If you can imagine it, early scenes (1914) from Irving High depict girls sewing around this fireplace, which worked in those days! The plaster bas-relief shows three women, one reading a book (presumably one of Washington Irving‘s since the writing is a quote from The Legend of Sleepy Hollow).
From a fireplace (1914) to a metal detector (2005),necessary in today’s schools. The staircase is still protected by decorative metal and glasswork.
Stairwells feature Lescari’s murals of a New Amsterdam windmill and Wall Street as it appeared in 1932. Most of the buildings shown are still there.
FNY rating: A plus
Ernest Flagg Rectory
232 East 11 Street
Though the interior was destroyed by a 1988 fire it was rebuilt 10 years later and the rectory now serves as the Neighborhood Preservation Center. It’s open daily and has a library and research resources for NYC’s neighborhoods.
FNY Rating: A minus
Clodagh Design, a high-end architecural firm, is based in Brooks Brothers’ former Broadway and Bond Street store designed by George Harney in 1873. The office has retained the building’s original stone arches. The OHNY catalog claims the loft was designed along feng shui principles.
Unfortunately I don’t have photos of the exhibition area. The compere-ess claimed the floor was off limits to photographers, even the public area! If you’re going to open your space for Open House New York, a sure fire way to get an indifferent review is to bar it from photography.
Might the firm be named for 60s Irish pop singer Clodagh Rodgers? She went nowhere in the States, but her songs were parodied by Monty Python, which is how I know about her.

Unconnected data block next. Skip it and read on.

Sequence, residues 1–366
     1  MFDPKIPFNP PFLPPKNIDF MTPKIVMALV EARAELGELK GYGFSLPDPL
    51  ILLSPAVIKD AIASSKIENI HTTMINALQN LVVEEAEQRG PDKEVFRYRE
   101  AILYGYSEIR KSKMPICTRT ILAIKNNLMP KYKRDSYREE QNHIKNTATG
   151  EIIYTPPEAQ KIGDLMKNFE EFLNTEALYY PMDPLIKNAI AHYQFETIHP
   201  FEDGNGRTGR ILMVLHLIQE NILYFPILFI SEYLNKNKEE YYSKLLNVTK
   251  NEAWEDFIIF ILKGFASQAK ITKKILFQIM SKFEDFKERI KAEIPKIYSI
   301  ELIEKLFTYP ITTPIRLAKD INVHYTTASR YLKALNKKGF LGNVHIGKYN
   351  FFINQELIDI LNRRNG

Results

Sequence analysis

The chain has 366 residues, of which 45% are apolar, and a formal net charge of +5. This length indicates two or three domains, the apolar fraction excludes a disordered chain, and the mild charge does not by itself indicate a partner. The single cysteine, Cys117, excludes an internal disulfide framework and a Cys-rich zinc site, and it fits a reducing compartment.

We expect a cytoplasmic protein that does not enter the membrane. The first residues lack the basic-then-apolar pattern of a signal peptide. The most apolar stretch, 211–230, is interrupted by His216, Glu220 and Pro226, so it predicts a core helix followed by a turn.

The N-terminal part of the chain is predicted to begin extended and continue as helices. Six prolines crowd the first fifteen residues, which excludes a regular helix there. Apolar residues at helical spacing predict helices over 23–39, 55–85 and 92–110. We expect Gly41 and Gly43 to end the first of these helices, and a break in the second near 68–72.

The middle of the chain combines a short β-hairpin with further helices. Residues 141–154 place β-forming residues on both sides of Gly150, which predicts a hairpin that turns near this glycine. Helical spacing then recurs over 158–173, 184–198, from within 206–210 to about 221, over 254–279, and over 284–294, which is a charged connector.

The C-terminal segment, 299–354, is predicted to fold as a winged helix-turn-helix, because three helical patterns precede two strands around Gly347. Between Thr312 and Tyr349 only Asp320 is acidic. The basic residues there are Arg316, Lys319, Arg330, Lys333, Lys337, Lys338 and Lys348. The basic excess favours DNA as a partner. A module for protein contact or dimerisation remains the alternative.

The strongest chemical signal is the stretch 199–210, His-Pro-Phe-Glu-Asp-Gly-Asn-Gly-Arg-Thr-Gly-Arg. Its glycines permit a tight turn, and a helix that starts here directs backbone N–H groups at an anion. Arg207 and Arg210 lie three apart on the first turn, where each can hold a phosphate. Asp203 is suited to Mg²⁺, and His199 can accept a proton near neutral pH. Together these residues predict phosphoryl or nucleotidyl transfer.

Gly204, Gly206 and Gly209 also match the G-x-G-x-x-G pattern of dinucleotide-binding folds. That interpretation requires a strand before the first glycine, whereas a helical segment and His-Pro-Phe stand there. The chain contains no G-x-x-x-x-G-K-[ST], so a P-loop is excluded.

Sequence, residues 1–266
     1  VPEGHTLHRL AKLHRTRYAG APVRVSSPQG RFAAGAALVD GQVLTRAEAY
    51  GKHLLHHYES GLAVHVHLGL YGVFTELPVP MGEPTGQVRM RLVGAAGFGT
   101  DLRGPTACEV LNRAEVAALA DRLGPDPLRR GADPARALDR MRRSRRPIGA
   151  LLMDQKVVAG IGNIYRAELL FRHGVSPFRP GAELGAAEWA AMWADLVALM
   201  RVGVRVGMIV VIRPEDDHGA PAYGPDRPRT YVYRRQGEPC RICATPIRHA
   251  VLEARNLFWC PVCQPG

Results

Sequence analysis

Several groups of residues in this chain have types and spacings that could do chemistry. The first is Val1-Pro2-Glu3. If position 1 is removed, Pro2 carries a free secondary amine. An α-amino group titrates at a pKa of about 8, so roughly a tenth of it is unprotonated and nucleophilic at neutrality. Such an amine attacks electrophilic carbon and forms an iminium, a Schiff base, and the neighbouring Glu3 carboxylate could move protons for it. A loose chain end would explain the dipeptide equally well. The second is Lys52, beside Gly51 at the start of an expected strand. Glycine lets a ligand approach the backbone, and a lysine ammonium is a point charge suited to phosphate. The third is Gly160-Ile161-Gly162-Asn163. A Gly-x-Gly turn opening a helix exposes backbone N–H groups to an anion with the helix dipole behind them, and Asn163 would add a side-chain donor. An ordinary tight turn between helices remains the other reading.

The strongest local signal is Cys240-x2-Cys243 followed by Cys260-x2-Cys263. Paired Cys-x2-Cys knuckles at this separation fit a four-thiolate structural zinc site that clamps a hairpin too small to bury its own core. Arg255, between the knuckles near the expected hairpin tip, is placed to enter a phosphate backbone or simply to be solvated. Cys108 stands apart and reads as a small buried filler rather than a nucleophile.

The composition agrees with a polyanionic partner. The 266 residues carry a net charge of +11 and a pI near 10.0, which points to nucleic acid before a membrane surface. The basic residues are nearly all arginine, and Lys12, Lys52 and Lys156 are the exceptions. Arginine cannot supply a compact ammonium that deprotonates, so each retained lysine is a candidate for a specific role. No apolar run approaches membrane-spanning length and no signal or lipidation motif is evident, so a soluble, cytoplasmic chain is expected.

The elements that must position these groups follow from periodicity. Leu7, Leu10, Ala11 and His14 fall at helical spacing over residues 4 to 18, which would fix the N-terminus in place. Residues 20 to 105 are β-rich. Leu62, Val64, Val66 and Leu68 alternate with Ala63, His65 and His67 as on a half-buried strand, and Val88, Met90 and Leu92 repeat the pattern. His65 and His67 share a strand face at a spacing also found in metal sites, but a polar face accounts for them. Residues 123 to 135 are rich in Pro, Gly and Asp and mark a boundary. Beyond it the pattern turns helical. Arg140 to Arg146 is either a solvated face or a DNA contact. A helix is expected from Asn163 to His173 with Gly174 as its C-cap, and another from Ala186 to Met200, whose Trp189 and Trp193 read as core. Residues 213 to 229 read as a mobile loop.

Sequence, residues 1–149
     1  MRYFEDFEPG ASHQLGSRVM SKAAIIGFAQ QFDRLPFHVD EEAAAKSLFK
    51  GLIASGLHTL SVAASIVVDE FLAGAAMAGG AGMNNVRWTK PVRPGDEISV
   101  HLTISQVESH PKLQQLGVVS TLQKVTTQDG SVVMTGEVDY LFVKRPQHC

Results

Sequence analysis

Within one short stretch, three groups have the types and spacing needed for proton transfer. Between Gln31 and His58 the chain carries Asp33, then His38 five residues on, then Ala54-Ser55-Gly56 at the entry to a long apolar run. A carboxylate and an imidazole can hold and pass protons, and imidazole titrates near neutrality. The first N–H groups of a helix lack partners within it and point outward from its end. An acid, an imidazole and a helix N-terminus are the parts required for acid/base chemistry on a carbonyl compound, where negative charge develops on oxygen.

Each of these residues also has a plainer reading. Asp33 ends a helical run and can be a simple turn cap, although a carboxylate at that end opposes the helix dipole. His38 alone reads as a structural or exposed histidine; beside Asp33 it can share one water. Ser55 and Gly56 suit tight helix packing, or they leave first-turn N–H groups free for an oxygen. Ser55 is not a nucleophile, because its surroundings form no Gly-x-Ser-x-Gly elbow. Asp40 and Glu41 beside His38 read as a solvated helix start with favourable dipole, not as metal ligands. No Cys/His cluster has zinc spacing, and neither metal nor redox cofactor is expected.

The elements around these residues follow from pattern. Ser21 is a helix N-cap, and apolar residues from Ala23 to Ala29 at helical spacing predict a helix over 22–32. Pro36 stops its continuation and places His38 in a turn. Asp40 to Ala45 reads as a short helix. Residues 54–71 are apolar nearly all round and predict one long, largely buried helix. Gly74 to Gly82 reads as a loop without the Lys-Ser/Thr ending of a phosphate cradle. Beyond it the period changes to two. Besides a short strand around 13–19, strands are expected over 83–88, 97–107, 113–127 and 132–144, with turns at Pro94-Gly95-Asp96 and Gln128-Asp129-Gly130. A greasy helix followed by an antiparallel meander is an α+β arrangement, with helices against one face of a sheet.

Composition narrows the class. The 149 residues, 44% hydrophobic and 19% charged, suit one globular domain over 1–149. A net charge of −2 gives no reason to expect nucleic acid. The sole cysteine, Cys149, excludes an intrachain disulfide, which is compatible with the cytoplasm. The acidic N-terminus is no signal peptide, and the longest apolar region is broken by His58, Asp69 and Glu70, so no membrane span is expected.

FNY rating: D
Center for Architecture (OHNY Welcome Center)
536 LaGuardia Place
This public space for exhibitions and discussion on architecture was commissioned by the American Institute of Architects, the organization that publishes city architectural guides, including the AIA Guide for New York City, a bible for anyone with an interest in NYC’s infrastructure. The building was designed by Andrew Berman in 2003. The OHNY Guide promised a look at one of the six geothermal heating and cooling systems in NYC, with wells drilled down to 1260 feet below ground. Unfortunately, this was impossible, as on Sunday afternoon, the downstairs area was closed, as was the geothermal system. On this day, there was an exhibit on new public housing AIA is designing, and the Center has an excellent library. I was detained for 10 minutes by a coffee table book on the work of occasional Forgotten fan Alexis Rockman, whose amusing and exceedingly strange art reminds us what a crazy and outlandish place this planet is … by virtue of its possessing life.
FNY rating: B minus (points off for not delivering on the geothermal unit)
58 Park Avenue
Scandinavia House, celebrating the countries of Denmark, Norway, Sweden, Finland and Iceland, was built by Polshek Partnership in 2000 and is a new intrusion on staid Park Avenue. It presents concerts, readings, symposia, films, language lessons in Danish, Norwegian and Swedish, and historical exhibitions in an ultramodern setting. It is NYC’s home base of the American Scandinavian Foundation. Meatballs are available, as well.
Until mid-November (2005) the House is celebrating the 100th birthday of Greta Garbo with an exhibit of photos from her own collection, by some of the world’s great photographers of the early 20th Century: and what a subject. (It is a cliché, and innacurate besides, to call Garbo reclusive; she zealously guarded her privacy, but attempted without success to get back into the movie biz after World War II, as the exhibit attested.)
FNY rating: B plus
As a typography fan, I’m pleased that the decor and much of the House’s printed material is done in this much-overlooked font (familiar to me from old Hagstrom maps; its name escapes me: it seems to be Bernhard Gothic, or something quite similar. Font mavens help me out!)
Victor Borge Hall, named for the pianist, comedian and Merv Griffin guest.
This page was photographed October 9 and was completed on October 16, 2005.